Glacier National Park’s historic and much-loved Sperry Chalet was destroyed late Thursday when high winds pushed the Sprague fire to the east and it overtook the building, despite firefighters’ best efforts.
The main building was lost at about 6 p.m., according to Glacier Park officials, who made the announcement via Facebook.
“A highly skilled group of firefighters were staged at Sperry Chalet over the past week,” the post said. “Those firefighters had extensive hose lay, sprinklers and pump system installed to protect all of the structures associated with the chalet.”
Park officials reported that during Thursday afternoon’s windstorm, firefighters were supported by three helicopters and “made a valiant stand to save the structure, but were unsuccessful in saving the main Sperry Chalet.”
All firefighters were safe and unharmed. Five firefighters remained on site Thursday night and were actively engaged in protecting the remaining structures near the chalet.
In 1912, Italian stonemasons working for the Great Northern Railway built Sperry Chalet’s kitchen and dining hall in a 6,580-foot elevation glacial cirque overlooking Lake McDonald.
As told by Ray Djuff and Chris Morrison in their history, “View with a Room,” Sperry started serving guests in 1913. The kitchen staff had the stone building for their use; the guests stayed in a tent camp. Work began on the chalet that same summer.
With 17 guest rooms, the chalet accommodated 40 to 50 guests who hiked a steep, 6.4-mile trail that began along the lower Going-to-the-Sun Road and climbed 3,432 feet in elevation before reaching the spectacular structure.
Thousands of former guests and employees of the chalet filled Glacier National Park’s Facebook post with comments Thursday night, lamenting the building’s destruction but grateful no firefighters were injured or worse.
“So sad,” wrote Mary Howard. “Thank you to all firefighters who risked their lives trying to save the chalet.”
Jack Pugh witnessed the blowup from the safety of the lakeshore: “Unfortunately, we unknowingly watched it from the Apgar boat launch. Nothing could survive that horrendous fire we saw running up the draw. With the strong gusty and erratic winds at elevation. It looked like it was eating everything in sight.”
“I was just there two months ago,” wrote Donald Jones. “What a shame this beautiful structure was lost to a fire.”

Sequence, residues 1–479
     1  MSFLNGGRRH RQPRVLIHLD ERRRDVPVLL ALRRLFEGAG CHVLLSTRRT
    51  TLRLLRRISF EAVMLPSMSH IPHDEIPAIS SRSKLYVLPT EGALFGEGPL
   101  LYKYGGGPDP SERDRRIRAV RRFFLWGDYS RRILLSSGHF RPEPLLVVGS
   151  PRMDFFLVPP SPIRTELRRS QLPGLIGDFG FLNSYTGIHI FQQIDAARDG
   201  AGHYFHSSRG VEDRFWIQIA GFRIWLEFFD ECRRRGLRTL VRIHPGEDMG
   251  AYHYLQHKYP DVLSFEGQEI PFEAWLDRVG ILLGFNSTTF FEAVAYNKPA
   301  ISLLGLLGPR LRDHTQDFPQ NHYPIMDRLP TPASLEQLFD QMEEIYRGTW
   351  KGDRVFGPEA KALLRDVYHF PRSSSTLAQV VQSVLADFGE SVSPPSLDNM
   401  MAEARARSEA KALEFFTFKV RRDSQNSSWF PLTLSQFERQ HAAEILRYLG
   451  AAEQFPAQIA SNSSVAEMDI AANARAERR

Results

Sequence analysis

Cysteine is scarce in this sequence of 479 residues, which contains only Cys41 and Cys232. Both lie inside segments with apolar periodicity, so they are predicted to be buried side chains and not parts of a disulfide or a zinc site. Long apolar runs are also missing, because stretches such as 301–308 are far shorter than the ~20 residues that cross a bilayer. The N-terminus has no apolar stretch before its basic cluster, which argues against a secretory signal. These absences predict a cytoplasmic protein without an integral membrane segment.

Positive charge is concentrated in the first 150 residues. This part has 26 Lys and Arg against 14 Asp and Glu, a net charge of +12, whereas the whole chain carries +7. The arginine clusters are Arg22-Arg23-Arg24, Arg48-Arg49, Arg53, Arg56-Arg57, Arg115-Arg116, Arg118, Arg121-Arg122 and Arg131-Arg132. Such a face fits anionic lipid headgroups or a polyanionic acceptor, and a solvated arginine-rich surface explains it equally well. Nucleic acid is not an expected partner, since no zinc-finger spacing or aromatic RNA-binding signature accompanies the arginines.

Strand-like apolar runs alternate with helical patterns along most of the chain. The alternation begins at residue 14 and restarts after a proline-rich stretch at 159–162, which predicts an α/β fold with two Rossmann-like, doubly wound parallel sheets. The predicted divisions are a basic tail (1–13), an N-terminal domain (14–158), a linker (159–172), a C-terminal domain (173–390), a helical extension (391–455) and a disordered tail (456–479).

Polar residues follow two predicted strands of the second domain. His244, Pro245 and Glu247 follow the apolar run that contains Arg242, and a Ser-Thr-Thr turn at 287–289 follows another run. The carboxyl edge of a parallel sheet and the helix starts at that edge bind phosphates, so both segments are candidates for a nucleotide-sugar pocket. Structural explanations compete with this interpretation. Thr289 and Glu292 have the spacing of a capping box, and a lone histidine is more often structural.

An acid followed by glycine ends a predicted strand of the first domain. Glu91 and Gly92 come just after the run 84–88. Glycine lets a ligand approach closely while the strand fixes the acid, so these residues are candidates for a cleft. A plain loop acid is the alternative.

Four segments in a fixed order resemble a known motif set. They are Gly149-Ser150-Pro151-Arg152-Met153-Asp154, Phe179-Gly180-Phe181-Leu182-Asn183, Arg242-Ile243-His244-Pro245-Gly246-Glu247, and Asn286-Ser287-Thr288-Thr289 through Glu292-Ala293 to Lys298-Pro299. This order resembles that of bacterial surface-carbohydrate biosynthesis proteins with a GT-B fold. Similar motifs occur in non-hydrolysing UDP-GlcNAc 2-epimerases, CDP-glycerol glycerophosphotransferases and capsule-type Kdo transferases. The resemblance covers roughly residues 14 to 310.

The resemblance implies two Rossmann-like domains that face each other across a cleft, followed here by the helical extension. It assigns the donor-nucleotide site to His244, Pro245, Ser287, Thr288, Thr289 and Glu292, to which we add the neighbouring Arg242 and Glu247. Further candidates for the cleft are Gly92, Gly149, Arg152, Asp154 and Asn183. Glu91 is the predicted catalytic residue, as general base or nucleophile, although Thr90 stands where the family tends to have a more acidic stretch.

“My husband Shawn Gargac and I are absolutely heartbroken,” wrote Sarah Gargac. “This place changed our life! We will be praying for the firefighters still up there trying to protect the other structures!”
“So sad to hear this, and I feel really grateful that we were lucky enough to spend a few days at this beautiful building in a truly breathtaking spot,” Heather Zimmerman said. “Thank you, firefighters, for trying so hard to save it.”
The Sprague fire was ignited by lightning on Aug. 10, and Sperry Chalet was evacuated five days later. At the time, park officials and incident commanders said the primary danger was to hikers on trails. Several trails in the area have been closed since then, including the Sperry Chalet trail itself.
Thursday’s blowup prompted the closure of the trail to Avalanche Lake, which had previously been open. Glacier Park posted a time-lapse video showing the quick progression of the fire in the windstorm, and numerous park visitors said they watched the blowup from the lakeshore.
Red flag conditions were present over the Sprague fire when flames made the run on the chalet. West-southwest winds at 15 to 25 mph surfaced, along with low humidity.
Winds were expected to taper off in the valleys overnight, but Friday will again be a “heads-up day, with breezy winds and lowered humidity,” according to the fire’s information officers. “The weekend will bring a warming and drying trend along with light winds.”
The chalet was lost just one day after Lake McDonald Lodge closed for the season a month earlier than expected because of heavy, unhealthy readings of smoke in that area, also from the Sprague fire. Much of the rest of Glacier Park is relatively clear of smoke, and most trails and all other lodges are open for business.
Sherry Devlin is a longtime Missoula journalist who writes occasional stories for Missoula Current.